Defining your client value proposition
By Kerry Ong, Head of Advice Academy
As advisers we are in the business of solving our clients' problems, helping them secure their financial future and meeting their life goals. Understanding and being able to articulate what problems you are trying to solve for your clients can help you demonstrate the value of your advice.
If you think about shopping for a mattress, what problems does a mattress solve? The problem they are solving is a good night’s sleep. There are a whole range of features, such as independent coils, comfort layers, temperature regulation, memory foam and brand – all of these features are important in helping you get a good night’s sleep.
Understanding what is most important to your clients, what their problems are and telling them how your advice will enable them to solve these problems is the core of a great value proposition. Creating this link between your approach to financial planning and the value your client will extract from your services is the reason they will initially engage and then re-engage with you.
How to build your Client Value Proposition
Your Client Value Proposition (CVP) should explain the relevance and benefit of your services to your client, the
1. What advice do you provide?
- For example, comprehensive financial advice, goal progression, risk insurance, wealth accumulation, superannuation specialisation.
2. What services help you deliver that advice?
- For example, regular reviews, financial modelling, client benchmarking, research, technical assistance, client updates.
3. What image and relationship do you have with your clients?
- For example, respectful, empathetic, diligent, two-way, skilled, professional, understanding, knowledgeable.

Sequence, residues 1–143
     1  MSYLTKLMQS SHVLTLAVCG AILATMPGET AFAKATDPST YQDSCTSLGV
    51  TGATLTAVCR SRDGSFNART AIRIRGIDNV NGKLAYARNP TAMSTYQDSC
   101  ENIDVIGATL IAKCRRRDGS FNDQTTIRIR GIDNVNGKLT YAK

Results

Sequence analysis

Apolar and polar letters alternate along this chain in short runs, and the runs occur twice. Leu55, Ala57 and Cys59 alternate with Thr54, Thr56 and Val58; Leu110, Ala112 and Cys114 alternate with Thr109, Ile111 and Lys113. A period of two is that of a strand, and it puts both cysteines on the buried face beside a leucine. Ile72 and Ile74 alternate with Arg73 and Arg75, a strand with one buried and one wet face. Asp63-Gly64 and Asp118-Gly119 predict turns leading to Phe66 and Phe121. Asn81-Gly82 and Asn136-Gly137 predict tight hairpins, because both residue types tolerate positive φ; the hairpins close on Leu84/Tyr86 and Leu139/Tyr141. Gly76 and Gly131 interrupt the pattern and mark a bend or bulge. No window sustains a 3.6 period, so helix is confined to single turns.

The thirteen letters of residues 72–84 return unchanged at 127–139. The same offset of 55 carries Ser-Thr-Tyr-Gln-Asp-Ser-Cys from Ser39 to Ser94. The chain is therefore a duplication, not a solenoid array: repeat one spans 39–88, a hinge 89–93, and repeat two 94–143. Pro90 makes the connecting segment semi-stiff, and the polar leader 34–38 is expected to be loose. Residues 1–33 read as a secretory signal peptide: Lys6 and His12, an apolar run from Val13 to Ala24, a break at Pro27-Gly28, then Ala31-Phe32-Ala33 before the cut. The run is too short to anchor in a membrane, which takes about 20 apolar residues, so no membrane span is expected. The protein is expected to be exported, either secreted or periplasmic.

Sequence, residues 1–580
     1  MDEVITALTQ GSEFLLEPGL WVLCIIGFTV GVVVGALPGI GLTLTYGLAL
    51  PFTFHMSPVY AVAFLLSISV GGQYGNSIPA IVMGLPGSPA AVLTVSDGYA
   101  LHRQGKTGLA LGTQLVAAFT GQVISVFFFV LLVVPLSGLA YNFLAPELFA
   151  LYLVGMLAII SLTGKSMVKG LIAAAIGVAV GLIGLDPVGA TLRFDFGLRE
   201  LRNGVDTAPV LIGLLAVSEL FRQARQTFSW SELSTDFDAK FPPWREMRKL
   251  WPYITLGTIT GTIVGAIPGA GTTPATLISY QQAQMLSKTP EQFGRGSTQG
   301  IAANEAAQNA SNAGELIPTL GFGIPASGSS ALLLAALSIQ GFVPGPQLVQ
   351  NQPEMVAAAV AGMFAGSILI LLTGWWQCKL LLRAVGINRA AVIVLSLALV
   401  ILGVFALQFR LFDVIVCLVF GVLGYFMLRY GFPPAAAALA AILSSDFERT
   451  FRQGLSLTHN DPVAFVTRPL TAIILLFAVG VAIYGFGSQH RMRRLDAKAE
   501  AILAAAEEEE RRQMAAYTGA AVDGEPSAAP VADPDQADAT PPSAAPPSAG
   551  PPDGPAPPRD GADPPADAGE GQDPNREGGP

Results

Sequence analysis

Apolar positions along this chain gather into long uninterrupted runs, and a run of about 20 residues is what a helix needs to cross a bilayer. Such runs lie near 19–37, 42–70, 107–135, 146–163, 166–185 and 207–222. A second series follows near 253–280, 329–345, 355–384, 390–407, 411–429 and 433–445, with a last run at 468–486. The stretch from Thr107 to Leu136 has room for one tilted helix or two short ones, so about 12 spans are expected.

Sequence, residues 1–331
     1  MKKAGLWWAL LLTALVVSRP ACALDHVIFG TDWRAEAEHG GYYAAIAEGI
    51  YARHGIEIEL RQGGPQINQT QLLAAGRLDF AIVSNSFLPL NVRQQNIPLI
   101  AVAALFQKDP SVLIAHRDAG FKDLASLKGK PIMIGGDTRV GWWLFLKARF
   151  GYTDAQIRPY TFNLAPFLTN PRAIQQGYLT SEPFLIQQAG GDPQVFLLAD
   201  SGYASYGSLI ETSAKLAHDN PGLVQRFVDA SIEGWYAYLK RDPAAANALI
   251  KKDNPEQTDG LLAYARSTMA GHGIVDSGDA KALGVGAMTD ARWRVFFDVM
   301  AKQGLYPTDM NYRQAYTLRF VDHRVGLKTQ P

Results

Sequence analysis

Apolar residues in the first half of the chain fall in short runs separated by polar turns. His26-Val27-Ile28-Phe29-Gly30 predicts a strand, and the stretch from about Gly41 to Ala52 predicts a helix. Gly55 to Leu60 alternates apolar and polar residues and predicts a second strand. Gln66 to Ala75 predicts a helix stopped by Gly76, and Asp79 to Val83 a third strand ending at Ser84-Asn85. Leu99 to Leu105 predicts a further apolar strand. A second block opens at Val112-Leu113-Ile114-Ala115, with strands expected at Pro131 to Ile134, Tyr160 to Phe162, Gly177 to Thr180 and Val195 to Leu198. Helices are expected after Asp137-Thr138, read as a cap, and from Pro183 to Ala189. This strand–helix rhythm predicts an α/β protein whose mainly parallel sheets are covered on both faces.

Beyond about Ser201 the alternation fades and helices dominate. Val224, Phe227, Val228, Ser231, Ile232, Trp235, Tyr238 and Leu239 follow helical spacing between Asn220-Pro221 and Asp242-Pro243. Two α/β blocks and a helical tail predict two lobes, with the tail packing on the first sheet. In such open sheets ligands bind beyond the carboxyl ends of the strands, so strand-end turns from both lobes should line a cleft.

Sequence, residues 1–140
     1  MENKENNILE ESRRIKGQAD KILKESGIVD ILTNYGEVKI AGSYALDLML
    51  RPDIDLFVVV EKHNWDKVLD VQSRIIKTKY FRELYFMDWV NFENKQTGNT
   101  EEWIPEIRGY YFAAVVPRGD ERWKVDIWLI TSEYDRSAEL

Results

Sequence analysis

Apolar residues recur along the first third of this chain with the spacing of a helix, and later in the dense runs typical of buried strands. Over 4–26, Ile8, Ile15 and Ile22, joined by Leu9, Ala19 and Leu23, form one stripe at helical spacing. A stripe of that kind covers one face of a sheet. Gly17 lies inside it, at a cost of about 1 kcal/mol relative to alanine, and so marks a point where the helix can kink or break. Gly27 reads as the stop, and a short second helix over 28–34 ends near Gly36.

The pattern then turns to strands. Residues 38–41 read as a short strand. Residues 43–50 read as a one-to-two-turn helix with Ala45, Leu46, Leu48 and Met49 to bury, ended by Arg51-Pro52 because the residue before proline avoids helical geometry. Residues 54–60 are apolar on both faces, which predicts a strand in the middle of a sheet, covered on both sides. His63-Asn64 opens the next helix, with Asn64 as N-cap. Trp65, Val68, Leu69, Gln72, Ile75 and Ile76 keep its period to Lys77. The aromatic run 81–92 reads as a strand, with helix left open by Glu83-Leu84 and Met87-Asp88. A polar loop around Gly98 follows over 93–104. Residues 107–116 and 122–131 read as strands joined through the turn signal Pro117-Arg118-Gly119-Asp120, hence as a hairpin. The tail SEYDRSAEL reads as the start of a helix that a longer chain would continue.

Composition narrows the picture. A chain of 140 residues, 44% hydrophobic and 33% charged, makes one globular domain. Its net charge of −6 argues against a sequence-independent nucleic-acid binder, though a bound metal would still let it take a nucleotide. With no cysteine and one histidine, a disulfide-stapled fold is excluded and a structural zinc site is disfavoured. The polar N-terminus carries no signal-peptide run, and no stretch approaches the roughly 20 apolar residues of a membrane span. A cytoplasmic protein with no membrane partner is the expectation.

4. What value are you delivering or what problems are you solving for your clients?
- For example, peace of mind, provide direction, wealth accumulation, legacy creation etc.
Most importantly, the link of the first three items to the fourth item is going to allow you to explain the value your clients will derive, or the problems your clients will resolve, from forming a relationship with you as their financial adviser.
One of the most important benefits of the IOOF Advice Academy is that it provides a collaborative environment which helps advisers work out the answers to these four questions through coaching and consulting. By linking the answers to these four questions you will develop a clear explanation of what you do, how you do it and the value you offer to your clients.
Building your CVP map
Use the answers to the previous four questions to complete the CVP map. This will help you brainstorm and articulate your CVP.
The value you provide is delivered by your advice and services combined with your image and your relationship with clients. This can easily be remembered as:
|Value = Advice + Service + Image + Relationships|
Price versus value
Clients will always undertake an internal dialogue on price versus value. A client who believes the price of your financial advice is too expensive may not truly understand the value of your advice. If a client is unclear about the value to them of the services you offer, this can lead them to focus on the price as a way of trying to quantify the value. Price stands out in the absence of value; which can lead to clients making decisions without them knowing how your advice is going to help them achieve what’s most important to them and solve their problems.
How clients judge value is subjective, so it differs between clients. It is vital to understand what’s important to your clients so that you can ensure your advice meets this need. For some clients this may be peace of mind, for others it could be growing their wealth for financial freedom, while some may want the reassurance of knowing they are protecting their family or leaving them a legacy.
Your value proposition should be simple, clear, relevant and easily understood by your clients and consistently applied through all your interactions, including in your marketing, websites, client engagement process and client conversations.
Lastly, when you interact with your clients, speak with passion, conviction and authenticity. Most importantly, ensure you are clear in explaining what problems you are helping your clients solve.